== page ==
Still more friends trying to cross the river

We have a new group of Fulani women and children, staying in downtown Gamboula at the Catholic church there.  We are so thankful for their open hearts and welcome for these refugees.  In this group, there is one man among several women and many, many children.  These friends walked for 42 days from their home to our little town on the border, and now they await news of the men and elders from whom they split earlier as they fled.  I didn’t hear the whole story of their journey, but I imagine the men took their cattle out deep into the grasslands and forest while the women and children headed for the safe haven of the border to Cameroon.  I didn’t hear any stories of witnessed violence, which distressingly has been the story of so many.  At least one third of the children have infected eyes, and we were able to teach a bit about hygiene and the spread of germs, as well as helping them out with antiseptic soap and medicated eye drops and then some basic food staples.  Our hearts melted at the sight of these little faces, torn from their normal life and thrown into the challenges of a refugee’s life, complete with fear, hunger, sickness, and weariness.  I do confess to a fit of frustration with the little ones, though, as I gave out some lollipops which had been donated by a Fulani merchant in Kentzou.  You can imagine the scene: the sweet little faces (maybe about 40 kids) took on a look of competition as they all crowded into me to make sure they got their lollipop and maybe trick me out of a 2nd one if they pushed up close enough a 2nd time withan empty hand outstretched!  Whooee, not a cheerful experience for me, but those treats probably made their day!blog Fulani Refugees2 2-27 006blog Fulani Refugees1 2-27 033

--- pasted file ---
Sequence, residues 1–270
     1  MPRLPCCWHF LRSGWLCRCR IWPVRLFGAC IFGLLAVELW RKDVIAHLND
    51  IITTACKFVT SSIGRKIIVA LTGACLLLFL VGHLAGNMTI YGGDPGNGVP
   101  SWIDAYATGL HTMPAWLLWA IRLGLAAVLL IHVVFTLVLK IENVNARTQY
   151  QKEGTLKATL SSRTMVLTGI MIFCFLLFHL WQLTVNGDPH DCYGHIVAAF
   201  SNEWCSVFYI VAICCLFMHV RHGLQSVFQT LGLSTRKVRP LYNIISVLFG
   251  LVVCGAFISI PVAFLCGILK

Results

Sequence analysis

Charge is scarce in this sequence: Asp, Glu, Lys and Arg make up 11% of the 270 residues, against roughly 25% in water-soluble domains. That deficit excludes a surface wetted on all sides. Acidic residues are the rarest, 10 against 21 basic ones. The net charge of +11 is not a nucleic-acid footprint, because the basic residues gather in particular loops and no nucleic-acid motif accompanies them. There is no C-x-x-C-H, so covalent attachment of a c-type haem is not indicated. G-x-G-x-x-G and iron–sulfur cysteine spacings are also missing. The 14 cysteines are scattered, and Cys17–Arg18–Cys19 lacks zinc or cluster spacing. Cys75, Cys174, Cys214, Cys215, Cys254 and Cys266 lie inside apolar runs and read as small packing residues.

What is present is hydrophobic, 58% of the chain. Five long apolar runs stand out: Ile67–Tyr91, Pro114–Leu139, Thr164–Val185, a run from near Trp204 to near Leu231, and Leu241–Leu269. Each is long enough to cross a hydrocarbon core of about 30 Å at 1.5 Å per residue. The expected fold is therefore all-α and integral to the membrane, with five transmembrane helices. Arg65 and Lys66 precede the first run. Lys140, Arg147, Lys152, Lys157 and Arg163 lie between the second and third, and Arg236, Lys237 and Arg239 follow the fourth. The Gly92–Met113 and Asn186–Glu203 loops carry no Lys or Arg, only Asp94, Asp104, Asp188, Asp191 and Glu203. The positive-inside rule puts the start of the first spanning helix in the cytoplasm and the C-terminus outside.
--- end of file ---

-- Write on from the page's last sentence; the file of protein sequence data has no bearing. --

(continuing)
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This morning, Saturday, I saw Kim Cone on his way to take a jeep full of these voyagers to the bridge which crosses the river into Cameroon and gets these women and children to a place where they will not have to fear.  PLEASE keep praying for this CAR.  The bad news just keeps coming from the rest of the country.

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About danforth

As Covenant missionaries, we are working with all the tribal groups of the Central African Republic (CAR) but are trying to give special attention to the Fulani, a Musxlim, cattle herding, and semi-nomadic people group. We live on an experimental/training farm, near a mission station which has a hospital plus bible and nursing schools. We are establishing relationships with the local people groups through compassion ministries; Roy through agriculture and Aleta through public health and visitation, in order, ultimately, to share the good news of Jesus the Messiah with them. CAR is one of the least developed countries in the world and is currently in continual crisis (since the coup in March 2013), so reaching out in compassion is key to reaching their hearts. Due to the ongoing conflict and resultant ethnic cleansing in CAR, we are crossing the border to interact with our Fulani contacts.
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